The Eastern Sámi Atlas 1999-2013
Eastern Sámi Atlas has won the ‘Best Book of the Year’ award by a US science organisationas well as in Finland for the National Kalevala Society, and awarded Snowchange with the prestigenous ‘Skolt Sámi of the Year’ Award. It is a landmark publication for the Indigenous work in the Eurasian North and the flagship work of Snowchange Co-op with the Sámi communities.
A ground-breaking 334-page publication “Eastern Sámi Altas” tells the story of Eastern Sámi, a little-known indigenous group. The atlas is in English with over 60 maps many of which have never been published in an international scholarly publication before. The work began in 1999.
Eastern Sámi Atlas provides a clear view of the histories, land use and occupancy on the lives of the Indigenous societies and peoples in the Eastern part of Sápmi. Book provides a unique basis for discussions and processes related to Indigenous uses of the land. Included are artworks, unique color and black and white photos, poems, songs and other cultural reflections of this region.
This book documents changes from prehistory to events of the Soviet rule leading up to the contemporary post-Soviet context. Materials are drawn from early historical an ethnographic documents, explorer accounts, oral histories of the Sámi themselves and contemporary views.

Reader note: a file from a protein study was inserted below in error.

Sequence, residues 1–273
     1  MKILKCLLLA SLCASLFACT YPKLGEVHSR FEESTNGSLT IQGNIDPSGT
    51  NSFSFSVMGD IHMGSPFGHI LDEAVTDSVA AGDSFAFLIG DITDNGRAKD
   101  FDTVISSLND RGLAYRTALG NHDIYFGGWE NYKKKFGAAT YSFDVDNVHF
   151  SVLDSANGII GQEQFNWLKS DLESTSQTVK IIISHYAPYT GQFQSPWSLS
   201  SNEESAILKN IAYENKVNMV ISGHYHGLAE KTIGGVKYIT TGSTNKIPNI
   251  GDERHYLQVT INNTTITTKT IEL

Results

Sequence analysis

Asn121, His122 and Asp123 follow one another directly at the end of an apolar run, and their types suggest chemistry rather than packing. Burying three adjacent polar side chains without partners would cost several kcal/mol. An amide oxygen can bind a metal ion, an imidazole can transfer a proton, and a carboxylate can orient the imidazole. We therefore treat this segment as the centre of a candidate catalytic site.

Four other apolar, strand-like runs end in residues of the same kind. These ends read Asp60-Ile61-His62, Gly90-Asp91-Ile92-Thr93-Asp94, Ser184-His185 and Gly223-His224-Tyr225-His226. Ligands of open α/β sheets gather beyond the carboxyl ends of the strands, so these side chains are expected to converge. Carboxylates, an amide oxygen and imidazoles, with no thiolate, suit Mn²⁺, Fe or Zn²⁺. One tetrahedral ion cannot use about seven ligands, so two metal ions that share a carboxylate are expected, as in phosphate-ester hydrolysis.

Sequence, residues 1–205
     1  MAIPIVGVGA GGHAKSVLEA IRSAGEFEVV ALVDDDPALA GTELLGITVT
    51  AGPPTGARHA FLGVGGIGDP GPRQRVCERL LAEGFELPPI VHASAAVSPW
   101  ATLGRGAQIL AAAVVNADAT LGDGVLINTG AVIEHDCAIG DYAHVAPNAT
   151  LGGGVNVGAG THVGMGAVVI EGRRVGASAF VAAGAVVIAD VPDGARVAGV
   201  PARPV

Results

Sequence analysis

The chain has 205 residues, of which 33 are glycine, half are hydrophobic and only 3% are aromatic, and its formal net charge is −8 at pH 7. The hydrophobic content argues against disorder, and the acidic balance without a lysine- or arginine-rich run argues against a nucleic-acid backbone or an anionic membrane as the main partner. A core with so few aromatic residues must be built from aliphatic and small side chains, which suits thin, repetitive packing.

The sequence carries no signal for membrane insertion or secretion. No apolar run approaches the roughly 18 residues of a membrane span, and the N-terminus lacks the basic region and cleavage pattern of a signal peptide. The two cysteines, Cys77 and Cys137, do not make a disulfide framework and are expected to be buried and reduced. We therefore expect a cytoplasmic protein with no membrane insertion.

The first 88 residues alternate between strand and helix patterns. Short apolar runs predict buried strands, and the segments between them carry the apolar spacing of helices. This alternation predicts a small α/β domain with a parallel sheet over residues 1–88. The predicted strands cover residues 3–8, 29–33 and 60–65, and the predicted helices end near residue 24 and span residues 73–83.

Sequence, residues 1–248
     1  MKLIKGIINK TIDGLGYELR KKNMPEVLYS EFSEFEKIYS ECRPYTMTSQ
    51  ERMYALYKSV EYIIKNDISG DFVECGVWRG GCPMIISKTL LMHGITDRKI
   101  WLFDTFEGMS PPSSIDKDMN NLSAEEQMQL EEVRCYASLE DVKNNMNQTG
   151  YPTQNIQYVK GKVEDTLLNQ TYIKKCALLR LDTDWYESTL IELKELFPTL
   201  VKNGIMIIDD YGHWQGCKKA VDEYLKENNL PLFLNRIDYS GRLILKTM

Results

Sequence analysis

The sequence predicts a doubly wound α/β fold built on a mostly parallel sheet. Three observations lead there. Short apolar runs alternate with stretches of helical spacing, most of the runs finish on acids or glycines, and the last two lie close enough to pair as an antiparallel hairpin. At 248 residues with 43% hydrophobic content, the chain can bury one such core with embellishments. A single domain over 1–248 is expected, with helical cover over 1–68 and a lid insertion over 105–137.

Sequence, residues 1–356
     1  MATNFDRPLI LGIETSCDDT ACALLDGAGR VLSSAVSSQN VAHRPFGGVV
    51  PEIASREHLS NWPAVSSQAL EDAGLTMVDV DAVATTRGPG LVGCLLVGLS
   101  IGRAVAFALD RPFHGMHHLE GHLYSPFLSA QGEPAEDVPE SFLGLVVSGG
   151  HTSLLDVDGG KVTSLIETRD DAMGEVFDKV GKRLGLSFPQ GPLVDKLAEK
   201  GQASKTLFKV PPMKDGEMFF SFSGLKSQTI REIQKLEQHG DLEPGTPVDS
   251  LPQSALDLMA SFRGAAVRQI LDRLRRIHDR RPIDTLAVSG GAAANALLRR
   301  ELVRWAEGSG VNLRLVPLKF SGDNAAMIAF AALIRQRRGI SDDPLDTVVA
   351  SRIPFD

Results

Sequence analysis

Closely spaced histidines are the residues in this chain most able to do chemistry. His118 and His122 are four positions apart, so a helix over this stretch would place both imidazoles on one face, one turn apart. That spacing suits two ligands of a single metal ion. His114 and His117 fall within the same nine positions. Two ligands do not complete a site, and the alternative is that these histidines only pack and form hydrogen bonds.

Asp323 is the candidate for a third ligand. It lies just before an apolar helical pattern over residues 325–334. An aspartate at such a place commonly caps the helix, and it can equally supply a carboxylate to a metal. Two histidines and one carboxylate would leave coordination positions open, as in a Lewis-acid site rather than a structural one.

The Eastern Sámi communities who took part in the work during 1999-2010 have been able to influence the process at all stages of the project. Using these mechanisms the Sámi have been coresearcher owning their knowledges.Observations of environmental and weather changes are included.
Internationally renowed experts have contributed essays to the atlas:
- Paul Fryer from the Department of Geographical and Historical Studies at the University of Eastern Finland – Joensuu, Finland reflects upon one of the migrant communities of Russian North – the Kola Komi, or Iz’vatas (‘People of the Iz’va River’) people.
- A renowned expert of the Eastern Sámi Leif Rantala tells the story of the Äʹǩǩel (Akkala) Sámi.
- In “Premonitions of Change: Luujäuʹrr (Lovozero) Home Talk Twenty Years After” researcher Yulian Konstantinov from the University of Tromssø, Norway writes what can be considered a letter from contemporary Luujäuʹrr (Lovozero).
- The Kola Sámi demographic information drawn from Russian sources over the past decades is explored by Professor Sergey Zavalko from the Murmansk State Technical University, Russia.
Contact Snowchange if you are interested in this currently sold-out document.